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Sides v. Cherry

June 22, 2010

ANTHONY SIDES, APPELLANT
v.
OFFICER CHERRY; OFFICER BROWN; OFFICER RUSH; OFFICER JULIANI SUED IN THEIR INDIVIDUAL CAPACITY; PHYSICIAN ASSISTANT LAPINA, SUED IN HER INDIVIDUAL AND OFFICIAL CAPACITY



Appeal from the United States District Court for the Western District of Pennsylvania (D.C. Civil Action No. 2-03-cv-00494) District Judge: Honorable Gary L. Lancaster.

The opinion of the court was delivered by: Ambro, Circuit Judge

PRECEDENTIAL

Argued November 10, 2009

Before: AMBRO, GARTH, and ROTH, Circuit Judges

OPINION OF THE COURT

Anthony Sides brought this suit under 42 U.S.C. § 1983 against various prison officials at SCI Greene, a correctional facility in Pennsylvania, alleging violations of his Eighth and Fourteenth Amendment rights. The case proceeded to trial in the United States District Court for the Western District of Pennsylvania, where the jury reached a verdict in favor of the defendants. Sides appeals that decision, contending that he was denied a fair trial because the District Court required that he be restrained by handcuffs and leg irons throughout the trial. Though we have concerns regarding the manner in which the Court handled this issue, any error here was nonetheless harmless. Thus we affirm.*fn1

I. Background

In his Complaint, Sides, a former inmate at SCI Greene, alleged that Officer James Cherry entered his cell and attacked him in April 2002. Sides further alleged that other prison officials denied his repeated requests for medical care. The case proceeded to trial in January 2008.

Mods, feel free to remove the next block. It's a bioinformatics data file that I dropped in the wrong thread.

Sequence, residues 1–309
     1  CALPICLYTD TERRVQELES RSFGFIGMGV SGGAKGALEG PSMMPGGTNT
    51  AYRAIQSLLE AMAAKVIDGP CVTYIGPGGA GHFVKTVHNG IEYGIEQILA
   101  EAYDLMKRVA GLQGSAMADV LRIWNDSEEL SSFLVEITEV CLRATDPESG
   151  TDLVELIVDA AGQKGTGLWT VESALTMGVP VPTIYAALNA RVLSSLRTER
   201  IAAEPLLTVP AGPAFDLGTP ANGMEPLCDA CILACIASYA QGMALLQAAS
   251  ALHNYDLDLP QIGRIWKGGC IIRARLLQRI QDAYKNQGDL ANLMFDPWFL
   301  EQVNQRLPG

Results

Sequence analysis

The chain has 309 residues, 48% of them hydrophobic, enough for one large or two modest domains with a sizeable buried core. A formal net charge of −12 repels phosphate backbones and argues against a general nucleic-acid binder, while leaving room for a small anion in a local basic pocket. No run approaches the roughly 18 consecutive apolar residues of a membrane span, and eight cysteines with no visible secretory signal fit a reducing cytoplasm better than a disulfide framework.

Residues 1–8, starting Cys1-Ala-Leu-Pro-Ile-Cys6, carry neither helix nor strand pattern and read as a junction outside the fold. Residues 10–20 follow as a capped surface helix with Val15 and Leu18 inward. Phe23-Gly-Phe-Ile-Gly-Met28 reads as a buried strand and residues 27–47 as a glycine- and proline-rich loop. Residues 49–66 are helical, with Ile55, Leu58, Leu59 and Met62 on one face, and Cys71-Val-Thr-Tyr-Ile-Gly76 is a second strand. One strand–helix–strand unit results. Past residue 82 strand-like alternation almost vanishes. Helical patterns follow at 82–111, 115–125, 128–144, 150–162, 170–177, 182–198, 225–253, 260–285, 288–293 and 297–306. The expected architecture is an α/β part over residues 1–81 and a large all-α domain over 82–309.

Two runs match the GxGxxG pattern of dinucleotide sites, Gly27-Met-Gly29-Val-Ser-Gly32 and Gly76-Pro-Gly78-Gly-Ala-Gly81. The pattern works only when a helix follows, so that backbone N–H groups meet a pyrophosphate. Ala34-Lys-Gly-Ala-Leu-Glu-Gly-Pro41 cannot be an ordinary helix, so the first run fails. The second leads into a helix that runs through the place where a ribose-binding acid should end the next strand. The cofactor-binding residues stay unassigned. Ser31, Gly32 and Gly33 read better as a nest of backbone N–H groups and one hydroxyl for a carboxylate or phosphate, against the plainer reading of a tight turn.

A. The District Court's Imposition of Physical Restraints

Following jury selection, the District Court held an informal conference in chambers and raised the possibility that Sides would be physically restrained-i.e., appear in leg irons and handcuffs-during trial. Sides' counsel objected to the imposition of any physical restraints, and argued-citing precedent from another circuit court-that the District Court should employ a "balancing test" to determine whether physical restraints were warranted "in terms of [the] interest of the plaintiff and the need[] to have him in handcuffs." Counsel also urged the Court not "just . . . [to] defer to any type of Department of Corrections policies" on the issue.

In response, defendants' counsel noted that he did not represent the Department of Corrections, and thus could not "really give . . . guidance" to the Court on the issue. When the Judge asked whether counsel would "make some calls to see if somebody could come up and represent" the Department of Corrections, counsel responded that Sides was considered "very high risk," had "been a very assaultive inmate[,] and [was] currently in a special needs unit" at SCI Greene. Though defendants' counsel stated that he would be willing to "proffer testimony" on the issue, he argued that, in light of "Sides' track record of . . . misconduct[] and violence," it would be appropriate to have him "handcuffed and shackled and certainly [placed] under guard."

The Judge then informed the parties that he had spoken with a United States Deputy Marshal that morning regarding the issue:

I was told by [the] Deputy Marshal . . . [,] who is in charge of security for the Courts, that Mr. Sides is a category five security risk[,] which is the highest category of security risk the Department of Justice has or Department of Corrections has. That he is in a special needs unit at the prison. That if ordered, I could have the shackles removed; however, he recommended against it.

I asked him what could be done to minimize this and he ha[s] agreed to place some type of a curtain at the desk so that the shackles would not be obvious throughout the trial.

We've agreed that when he is called to testify, we will take him-we'll take the jury out of the room, put him in the witness box. I mean, the guards will take the shackles off. The marshal will ...


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